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Meet a Pedorthist – John Does

John Does was immediately inspired to help others in the world of pedorthics when an orthotic provider treated him as a runner. He remembers how this particular provider eliminated his over-use symptoms caused by poor gait mechanics.

“I found the process fascinating and the results amazed me,” says John. “No one in my immediate circle had ever heard of orthotics, and as a business-minded individual, I felt that there might be an opportunity to help others understand the benefits of this non-invasive, life-altering approach to treating causes rather than symptoms.”

The southwestern Ontario native studied business at The University of Windsor, and began his pedorthic career in the 1990s. John later returned to education, when he became certified as a C Ped (C). He has always believed in lifelong learning, and continued going back to school while running his business.

“I believe that in life, and in business, you’re either growing or going because nothing stays the same,” he says. John delivered on this philosophy earning an MBA and then a PhD from 2007 through 2016.

In addition to John’s passion for lifelong learning, he also enjoys helping his patients find comfort and return to their favourite activities. “The structure of the human foot is poorly suited to interact with the flat hard surfaces we pound on daily, and the footwear choices that walk into my clinics seem to be getting worse – not better,” John says. “Further, there seem to be fewer and fewer professionals concentrating on gait mechanics. Combine that with a population that is getting older and heavier, and it isn’t a huge leap to suggest it is a great time to be a pedorthist in North America.”

His advice for new pedorthists is to never stop learning. “Effective people in any field are always learning. As pedorthists, we have an opportunity to learn every single day,” he says. “If new orthotics feel strange, that is to be expected.  However, if you create a new pain, something is wrong.  Listen and clarify . . . try to fix it . . .  and then follow up. This will improve your results, help to build stronger relationships with customers, and if you diligently document the process, it will provide a systematic approach to ongoing learning within your clinic.”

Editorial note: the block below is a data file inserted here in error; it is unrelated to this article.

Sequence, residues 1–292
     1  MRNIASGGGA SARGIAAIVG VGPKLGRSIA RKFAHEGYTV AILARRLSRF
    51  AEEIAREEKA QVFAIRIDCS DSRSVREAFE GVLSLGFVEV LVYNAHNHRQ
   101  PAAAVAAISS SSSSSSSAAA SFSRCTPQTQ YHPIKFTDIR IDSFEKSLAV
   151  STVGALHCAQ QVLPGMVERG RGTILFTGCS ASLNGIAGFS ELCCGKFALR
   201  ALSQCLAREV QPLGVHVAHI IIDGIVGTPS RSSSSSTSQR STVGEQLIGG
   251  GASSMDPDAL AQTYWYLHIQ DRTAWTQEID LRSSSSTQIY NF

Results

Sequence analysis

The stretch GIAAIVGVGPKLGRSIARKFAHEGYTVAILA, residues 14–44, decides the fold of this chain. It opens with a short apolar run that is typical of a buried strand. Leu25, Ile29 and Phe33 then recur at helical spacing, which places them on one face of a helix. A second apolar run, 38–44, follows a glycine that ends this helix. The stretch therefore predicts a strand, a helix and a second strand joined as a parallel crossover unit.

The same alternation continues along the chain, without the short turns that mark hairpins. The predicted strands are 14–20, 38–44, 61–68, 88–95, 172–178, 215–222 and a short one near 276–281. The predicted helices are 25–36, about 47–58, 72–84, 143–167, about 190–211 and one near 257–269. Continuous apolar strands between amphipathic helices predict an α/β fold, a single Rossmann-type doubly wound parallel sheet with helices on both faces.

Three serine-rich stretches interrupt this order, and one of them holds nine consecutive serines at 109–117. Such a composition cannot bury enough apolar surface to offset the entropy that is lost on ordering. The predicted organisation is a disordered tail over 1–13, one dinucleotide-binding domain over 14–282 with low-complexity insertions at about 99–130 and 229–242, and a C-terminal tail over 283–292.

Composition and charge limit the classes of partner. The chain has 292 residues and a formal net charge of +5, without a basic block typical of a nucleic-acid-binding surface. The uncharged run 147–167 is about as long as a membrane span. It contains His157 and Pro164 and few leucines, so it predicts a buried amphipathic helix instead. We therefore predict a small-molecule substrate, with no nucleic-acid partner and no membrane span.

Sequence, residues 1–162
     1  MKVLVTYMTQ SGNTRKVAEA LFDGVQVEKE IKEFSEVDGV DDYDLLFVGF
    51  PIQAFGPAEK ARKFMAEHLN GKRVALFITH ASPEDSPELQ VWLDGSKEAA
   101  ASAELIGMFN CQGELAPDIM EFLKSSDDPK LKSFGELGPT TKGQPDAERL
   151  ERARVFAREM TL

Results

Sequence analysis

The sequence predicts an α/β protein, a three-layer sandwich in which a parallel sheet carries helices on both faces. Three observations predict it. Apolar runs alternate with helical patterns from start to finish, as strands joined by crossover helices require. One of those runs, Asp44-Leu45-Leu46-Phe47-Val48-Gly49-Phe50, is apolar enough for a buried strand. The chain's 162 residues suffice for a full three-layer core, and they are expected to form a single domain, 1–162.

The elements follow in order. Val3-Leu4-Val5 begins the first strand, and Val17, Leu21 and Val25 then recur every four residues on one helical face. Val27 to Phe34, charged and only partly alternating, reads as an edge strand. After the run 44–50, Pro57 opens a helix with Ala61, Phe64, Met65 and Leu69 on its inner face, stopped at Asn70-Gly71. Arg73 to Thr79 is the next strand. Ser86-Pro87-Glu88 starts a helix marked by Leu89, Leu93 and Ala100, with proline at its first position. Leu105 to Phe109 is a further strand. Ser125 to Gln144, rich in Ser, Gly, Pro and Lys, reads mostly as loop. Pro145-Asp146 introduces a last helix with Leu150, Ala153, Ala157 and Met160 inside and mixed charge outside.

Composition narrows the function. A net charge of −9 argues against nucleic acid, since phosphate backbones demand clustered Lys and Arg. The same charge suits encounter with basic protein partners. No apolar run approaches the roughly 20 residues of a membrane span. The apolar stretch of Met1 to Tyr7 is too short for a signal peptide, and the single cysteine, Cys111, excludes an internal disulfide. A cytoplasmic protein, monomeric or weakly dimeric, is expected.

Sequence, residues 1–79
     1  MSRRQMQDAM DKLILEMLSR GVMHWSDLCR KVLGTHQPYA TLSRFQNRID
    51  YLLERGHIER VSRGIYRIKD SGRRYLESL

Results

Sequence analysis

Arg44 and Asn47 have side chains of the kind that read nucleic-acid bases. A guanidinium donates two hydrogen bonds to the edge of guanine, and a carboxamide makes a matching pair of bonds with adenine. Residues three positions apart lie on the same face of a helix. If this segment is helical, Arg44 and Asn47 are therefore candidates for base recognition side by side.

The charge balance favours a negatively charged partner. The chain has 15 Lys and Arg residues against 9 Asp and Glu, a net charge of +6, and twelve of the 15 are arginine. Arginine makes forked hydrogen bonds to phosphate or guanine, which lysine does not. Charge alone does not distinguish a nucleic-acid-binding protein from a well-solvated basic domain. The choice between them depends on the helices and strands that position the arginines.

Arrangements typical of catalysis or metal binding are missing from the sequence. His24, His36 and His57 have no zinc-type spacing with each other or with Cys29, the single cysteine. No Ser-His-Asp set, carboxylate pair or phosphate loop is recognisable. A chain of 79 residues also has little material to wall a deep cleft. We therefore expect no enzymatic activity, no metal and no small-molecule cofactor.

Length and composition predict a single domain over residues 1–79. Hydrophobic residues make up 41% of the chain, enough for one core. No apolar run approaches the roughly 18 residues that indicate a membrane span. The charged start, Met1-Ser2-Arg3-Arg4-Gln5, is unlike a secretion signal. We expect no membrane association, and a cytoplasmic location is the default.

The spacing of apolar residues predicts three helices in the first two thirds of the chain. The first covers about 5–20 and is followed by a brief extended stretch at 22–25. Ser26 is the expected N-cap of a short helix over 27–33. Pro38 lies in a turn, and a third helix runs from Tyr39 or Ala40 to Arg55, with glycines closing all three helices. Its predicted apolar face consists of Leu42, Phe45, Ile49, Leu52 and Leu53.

John enjoys spending time with his wife and daughters. He likes to travel, read, and participate in most sports – especially hockey and golf. John is also a published humourist and author, in the final stages of publishing a series of children’s books.

Diabetes Awareness Month and Fall Prevention Month in Canada

Many of us have heard the old adage, “An ounce of prevention is worth a pound of cure.” We eat our dark leafy greens and lean protein to ward off heart disease and wear helmets to minimize head and brain injury upon impact. We even have products applied to our cars to prevent premature corrosion of its metallic parts. Some may say, awareness of these issues is half the battle.

You may already know that November is Diabetes Awareness Month and Fall Prevention Month in Canada. The premise behind these campaigns is to raise awareness and educate the Canadian public so that prevention is top of mind and the prevalence of Diabetes and falls is reduced. As Canadian Certified Pedorthists, these two areas are close to our heart. The Pedorthic Association of Canada acknowledges awareness and prevention in these areas as a key element of living a long, healthy life. We see on a daily basis how foot care and proper footwear choice can help protect you from the damaging effects of both.

Diabetes Awareness Month

In 2018, Statistics Canada published results from a 2017 survey that stated, “7.3% of Canadians aged 12 and older (roughly 2.3 million people) reported being diagnosed with diabetes.” Diabetes Canada suggests that 90% of Canadians living with diabetes have been diagnosed with Type 2. They list the following ways to reduce your chances of developing complications due to Type 2 Diabetes:

  • Keep your blood sugar within your target range
  • Avoid smoking
  • Keep your cholesterol and other blood fats within your target range
  • Keep your blood pressure within your target range
  • Take care of your feet
  • Regularly visit with your doctor, diabetes team, dentist and eye-care specialist

We talk a lot about Diabetes in the pedorthic clinic due to its ability to disrupt the network of nerves responsible for sending and receiving messages to and from the brain (known as peripheral neuropathy) and its impact on the normal wound healing process, especially in the legs and feet. The risk of foot ulceration, for example, can be reduced with well-fitting footwear, full-contact custom foot orthotics, and daily inspections of your feet and shoes. This includes making sure your feet are clean and dry before putting seamless socks on and, before putting them on, sweeping your hand inside your shoes to make sure there are no foreign objects like keys, golf balls, pins, or bunched up socks hiding inside. I’ve personally found some of these things inside clients’ shoes that they wore to the clinic!